Donald Trump outlasted more than a dozen competitors to win the Republican presidential nomination and face off against Democrat Hillary Clinton—except, as it turns out, he doesn’t even see her as his most significant opponent.
“I’m not running against Crooked Hillary,” Trump said at a Fairfield, Connecticut, rally last Saturday. “I’m running against the crooked media. That’s what I’m running against.”
A Bloomberg Politics analysis of Trump’s Twitter messages during his campaign shows how true that is. Searching Trump’s roughly 5,000 tweets and retweets since his June 2015 launch for mentions of 25 major media organizations (listed below), Bloomberg Politics found nearly 1,000 examples through Friday morning. Of those, 256 messages were critical, and together they garnered more than 875,000 retweets and 2.4 million likes. Over the same period, Trump sent just 140 tweets attacking Clinton. Those got more than 1.2 million retweets and more than 3.3 million likes.
To be sure, a party’s leading presidential candidate isn’t really expected to focus on his or her general-election opponent until after the primary is over, and Trump didn’t clinch his nomination until May. But his focus on the media is still unmistakable, and it’s a building block for his dubious argument that the election may be rigged against him. (It’s also likely to intensify, if Trump’s hiring of the antagonistic Breitbart News chairman Stephen Bannon is any indication.)
The five primary targets of Trump’s ire since he announced his candidacy are, in his own words:
- The “failing” and “dishonest” New York Times, with 53 attacks (including 37 since January)
- “Ratings-challenged” and “biased” CNN, with 52 attacks (including 14 so far in August)
- “Unfair” Fox News, with 46 attacks (most of which were back in 2015)
- The “wrong” Wall Street Journal, with 23 attacks
- “No credibility” and “dishonest” Politico, with 17 attacks
Trump’s anti-media Twitter campaigns can be sorted into several categories. Many were counterattacks against specific coverage, such as a May 14 New York Times front-page story headlined “Crossing the Line: Trump’s Private Conduct With Women,” after which Trump sent out no fewer than 16 tweets.
Some were vehicles to attack long-time enemies, such as New York Daily News owner Mort Zuckerman, whom Trump repeatedly described as “dopey” and “little.” Others were gripes about the media’s perceived bias, including several tweets that tarred CNN as the “Clinton News Network.”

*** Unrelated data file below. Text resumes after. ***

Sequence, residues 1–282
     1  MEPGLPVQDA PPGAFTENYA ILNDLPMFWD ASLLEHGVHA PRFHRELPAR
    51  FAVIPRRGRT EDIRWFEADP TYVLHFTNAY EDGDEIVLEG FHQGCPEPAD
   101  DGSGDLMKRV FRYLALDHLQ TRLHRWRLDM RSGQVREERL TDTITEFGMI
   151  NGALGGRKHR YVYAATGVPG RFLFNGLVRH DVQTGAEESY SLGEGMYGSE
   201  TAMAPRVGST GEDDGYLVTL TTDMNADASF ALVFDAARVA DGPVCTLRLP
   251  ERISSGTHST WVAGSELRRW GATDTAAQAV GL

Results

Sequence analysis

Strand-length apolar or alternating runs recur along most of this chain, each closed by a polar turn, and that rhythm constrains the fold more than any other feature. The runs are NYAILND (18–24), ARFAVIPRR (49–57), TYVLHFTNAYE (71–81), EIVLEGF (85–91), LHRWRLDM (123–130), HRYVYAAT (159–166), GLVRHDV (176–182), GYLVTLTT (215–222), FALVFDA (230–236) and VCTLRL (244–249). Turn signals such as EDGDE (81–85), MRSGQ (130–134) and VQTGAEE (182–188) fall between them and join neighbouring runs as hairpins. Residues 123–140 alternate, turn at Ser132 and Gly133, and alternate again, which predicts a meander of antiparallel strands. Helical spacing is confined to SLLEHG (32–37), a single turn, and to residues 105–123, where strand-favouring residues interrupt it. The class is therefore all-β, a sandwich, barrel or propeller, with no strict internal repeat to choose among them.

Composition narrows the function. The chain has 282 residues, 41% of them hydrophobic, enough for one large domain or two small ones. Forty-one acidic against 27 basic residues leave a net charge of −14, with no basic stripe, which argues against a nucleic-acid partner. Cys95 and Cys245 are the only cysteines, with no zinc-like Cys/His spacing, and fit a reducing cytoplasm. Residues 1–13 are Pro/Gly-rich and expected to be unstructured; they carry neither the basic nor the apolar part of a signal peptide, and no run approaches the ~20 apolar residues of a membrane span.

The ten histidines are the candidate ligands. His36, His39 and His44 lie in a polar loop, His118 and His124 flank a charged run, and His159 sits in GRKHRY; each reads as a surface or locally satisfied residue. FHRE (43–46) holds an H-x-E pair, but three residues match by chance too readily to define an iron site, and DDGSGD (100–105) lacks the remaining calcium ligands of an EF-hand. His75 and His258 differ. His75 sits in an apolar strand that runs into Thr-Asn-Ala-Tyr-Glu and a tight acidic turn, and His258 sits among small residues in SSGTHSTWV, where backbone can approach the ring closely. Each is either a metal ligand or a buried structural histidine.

Others were attempts to undermine unfavorable polls, which Trump dubbed “phony.” He leveled that charge several times against polling partners NBC News and the Wall Street Journal. In the case of Fox News, many of Trump’s attacks have been directed at specific journalists (e.g., Megyn Kelly) or not-so-subtle suggestions that the network drop certain unfriendly pundits (Karl Rove).
Since March, however, Trump has largely changed his tune on Fox News, whose recently departed CEO, Roger Ailes, Trump calls a longtime friend. Trump has attacked or criticized the network only two times on Twitter while praising it six times.
Trump has both praised and criticized Bloomberg Politics journalists, the Bloomberg Politics/Des Moines Register Iowa Poll, and Michael Bloomberg, the founder and majority owner of Bloomberg News parent company Bloomberg LP, who has endorsed Clinton. (In keeping with the overall methodology, only attacks mentioning Bloomberg’s corporate Twitter handles or referring to the media arm were included in the analysis.)
While Trump has kept up a steady stream of attacks against the media since entering the race, he has actually sent out a lot fewer tweets mentioning major outlets overall. In particular, the number of times he’s cited media polls or upcoming TV appearances has fallen from around 50 tweets in October and December to five in July and just two so far in August (in which he promoted Wednesday’s Fox News town hall-style event with him).
Twitter feuds aren’t Trump’s only response to the media, and there’s likely more where that came from. One factor working to his advantage: In an era of distrust of many American institutions, the press is no exception. As Thomas Patterson, a professor at Harvard’s Kennedy School of Government, recently told ABC News, “It's one of those things where truth is in the eye of the beholder, and trust in the media has dropped so far that a lot of people don't trust the messenger.”
The full list of media organizations in the analysis includes:
- National newspapers: The Wall Street Journal, USA Today, New York Times, Los Angeles Times, Washington Post
- New York City dailies: New York Daily News, New York Post
- Broadcast TV news networks: NBC News, ABC News, CBS News, Univision
- Cable TV news networks: Fox News, CNN, MSNBC
- Newswires: The Associated Press, Reuters, Bloomberg
- Political news or aggregation sites: Politico, Huffington Post, Breitbart News, BuzzFeed News, Drudge Report
- Magazines: Time, National Review, Forbes